Fiscal austerity has long been a trademark of the Republican party, and for Senator Lott to abandon this position once he found himself in hot water is a smack in the face to conservatives. The assumption here is that conservatives must rethink their core principles in order to not be seen as racist by a portion of the American public. This is inherently wrong since positions that conservatives hold on race — that we shouldn’t don the blinders of race and instead concentrate on the individual — are the essence of equality.

    The most important misconception, indeed the most successful, myopic, distorted view of race, is that people succeed or fail as a group. They don’t; they succeed or fail as individuals. Yet this is exactly the type of refusal of individual responsibility for your actions — you can just blame your group membership — that has been drilled into our brains by the liberal elite.

    For some, group membership is important when it brings benefits with it. But it’s about time we treat people of all colors and creeds as individuals, not falsely lump them into groups. Even worse, members of the left are trying to link Lott’s supposedly racist statement to the myth that the Republican party is a racist party, forgetting that Republicans are the party of President Lincoln — the party that fought for an end to slavery in our civil war. (Here come the assaults that the Civil War wasn’t about slavery.)

    Republicans were the party of the freedmen directly following the Civil War and up until the 1950s when they adopted states’ rights stands. The Jim Crow laws of white-black segregation can be said to be the result of pushing for greater states’ rights, and were supported by some racists for this end. But others hold that these laws were merely a by-product of the practice of state’s rights, a conservative political philosophy that pushes for a usurpation of federal power by giving more power to individual states, thereby reducing the possibility of federal tyranny.

    Former President Bill Clinton summed up the democratic talking points on this matter concisely when he said, “”How can they [Republicans] attack him [Lott]? He just embarrasses them by saying in Washington what they do on the back rows.””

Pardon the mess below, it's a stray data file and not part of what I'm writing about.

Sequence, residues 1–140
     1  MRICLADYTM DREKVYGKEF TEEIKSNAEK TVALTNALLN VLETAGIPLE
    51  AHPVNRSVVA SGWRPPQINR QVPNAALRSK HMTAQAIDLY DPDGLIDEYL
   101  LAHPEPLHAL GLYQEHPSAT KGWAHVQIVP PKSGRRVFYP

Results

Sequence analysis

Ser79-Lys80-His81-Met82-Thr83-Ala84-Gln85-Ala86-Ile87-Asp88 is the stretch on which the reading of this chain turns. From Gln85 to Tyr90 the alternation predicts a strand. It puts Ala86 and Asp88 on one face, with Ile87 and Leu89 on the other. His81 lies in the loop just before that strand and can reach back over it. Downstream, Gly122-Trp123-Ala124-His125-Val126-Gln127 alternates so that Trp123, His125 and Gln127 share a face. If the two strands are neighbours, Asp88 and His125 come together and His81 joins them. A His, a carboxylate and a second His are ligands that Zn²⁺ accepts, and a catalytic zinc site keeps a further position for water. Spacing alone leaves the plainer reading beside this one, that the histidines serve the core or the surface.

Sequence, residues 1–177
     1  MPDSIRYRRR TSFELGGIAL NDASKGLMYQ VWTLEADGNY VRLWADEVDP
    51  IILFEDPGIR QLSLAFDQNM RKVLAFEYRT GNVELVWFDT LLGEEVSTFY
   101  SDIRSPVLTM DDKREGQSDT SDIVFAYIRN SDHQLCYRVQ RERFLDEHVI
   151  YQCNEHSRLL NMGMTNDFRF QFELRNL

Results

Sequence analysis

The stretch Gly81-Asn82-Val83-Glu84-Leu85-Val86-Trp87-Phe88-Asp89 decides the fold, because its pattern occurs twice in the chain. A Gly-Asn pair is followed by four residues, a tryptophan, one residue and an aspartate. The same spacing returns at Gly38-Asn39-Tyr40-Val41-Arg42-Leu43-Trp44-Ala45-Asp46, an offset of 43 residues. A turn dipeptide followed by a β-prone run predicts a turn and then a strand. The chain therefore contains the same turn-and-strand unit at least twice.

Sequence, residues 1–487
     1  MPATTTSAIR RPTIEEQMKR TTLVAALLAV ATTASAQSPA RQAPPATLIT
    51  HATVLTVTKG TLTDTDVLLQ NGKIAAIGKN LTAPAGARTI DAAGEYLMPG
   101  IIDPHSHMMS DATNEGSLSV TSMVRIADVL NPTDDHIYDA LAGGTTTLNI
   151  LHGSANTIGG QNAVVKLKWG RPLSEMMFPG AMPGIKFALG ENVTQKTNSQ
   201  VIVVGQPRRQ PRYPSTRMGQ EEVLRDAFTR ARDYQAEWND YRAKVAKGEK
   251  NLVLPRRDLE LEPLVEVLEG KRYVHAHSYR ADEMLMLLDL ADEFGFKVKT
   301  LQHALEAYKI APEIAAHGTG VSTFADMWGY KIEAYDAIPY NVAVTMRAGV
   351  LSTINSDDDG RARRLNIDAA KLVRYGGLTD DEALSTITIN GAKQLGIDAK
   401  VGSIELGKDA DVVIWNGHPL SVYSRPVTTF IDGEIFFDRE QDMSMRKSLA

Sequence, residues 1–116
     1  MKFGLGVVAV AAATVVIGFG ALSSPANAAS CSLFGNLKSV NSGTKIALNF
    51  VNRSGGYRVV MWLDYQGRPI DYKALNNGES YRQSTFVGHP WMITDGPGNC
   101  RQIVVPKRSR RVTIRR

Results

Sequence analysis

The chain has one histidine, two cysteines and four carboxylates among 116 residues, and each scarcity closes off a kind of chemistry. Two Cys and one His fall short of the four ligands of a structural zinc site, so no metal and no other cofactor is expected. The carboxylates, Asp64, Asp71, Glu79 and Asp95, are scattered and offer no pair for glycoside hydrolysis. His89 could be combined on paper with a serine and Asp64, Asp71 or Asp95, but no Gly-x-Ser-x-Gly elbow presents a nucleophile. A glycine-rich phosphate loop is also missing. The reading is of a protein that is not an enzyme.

What Clinton and other prominent Dems are alluding to is the large, racist segment of the population that the Republican party panders to.

    But I challenge those who believe in this absurd conspiracy theory to dig up the facts to where racism would pay off in an election. Wouldn’t political racism lead to a net loss of votes? If you don’t believe so, put down “”Conspiracy Theories for Dummies”” and wake up.

    For those of you in tune to conspiracy theories, it could just as easily be the modern democratic party that panders to racists.

    It was none other than ex-President Clinton who in 1993 awarded the Presidential Medal of Freedom to Sen. J. William Fulbright, a former segregationist. Was Clinton chastised? No. Or how about Clinton’s membership to an elite golf club that that shunned memberships to those that didn’t fit their “”correct”” profile while he was running for president in the early ’90s?

    And what about former Ku Klux Klan member, now Democratic Sen. Robert Byrd, saying a short while ago on “”Fox News Sunday”” the “”N”” word? What about Senator Byrd and his filibuster of the 1964 Civil Rights Act with none other than Al Gore Sr., stalling a vote for more than a dozen hours? And contrary to the popular belief that Republicans are the party of racists, more Republicans than Democrats voted in favor of that same bill.

    Both parties have their skeletons. But to essentially crucify Lott for minor remarks when similar actions or remarks by Democrats go virtually undetected by the media is a double standard. For Democrats to excessively criticize Lott for praising a then member of their own party, not even mentioning segregation — yes, Thurmond was a Democrat at the time — and then trying to draw it out to the entire Republican party, is a gross political ploy, not to mention ludicrous.